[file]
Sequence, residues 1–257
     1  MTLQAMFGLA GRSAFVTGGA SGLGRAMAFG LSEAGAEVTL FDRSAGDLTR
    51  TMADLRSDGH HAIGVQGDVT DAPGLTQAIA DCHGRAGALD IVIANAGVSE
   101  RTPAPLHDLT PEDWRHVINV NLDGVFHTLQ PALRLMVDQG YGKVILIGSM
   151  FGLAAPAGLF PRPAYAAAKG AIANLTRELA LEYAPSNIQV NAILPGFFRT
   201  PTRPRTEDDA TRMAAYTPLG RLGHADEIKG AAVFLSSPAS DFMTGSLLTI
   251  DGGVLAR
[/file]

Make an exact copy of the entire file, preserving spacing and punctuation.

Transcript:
Sequence, residues 1–257
     1  MTLQAMFGLA GRSAFVTGGA SGLGRAMAFG LSEAGAEVTL FDRSAGDLTR
    51  TMADLRSDGH HAIGVQGDVT DAPGLTQAIA DCHGRAGALD IVIANAGVSE
   101  RTPAPLHDLT PEDWRHVINV NLDGVFHTLQ PALRLMVDQG YGKVILIGSM
   151  FGLAAPAGLF PRPAYAAAKG AIANLTRELA LEYAPSNIQV NAILPGFFRT
   201  PTRPRTEDDA TRMAAYTPLG RLGHADEIKG AAVFLSSPAS DFMTGSLLTI
   251  DGGVLAR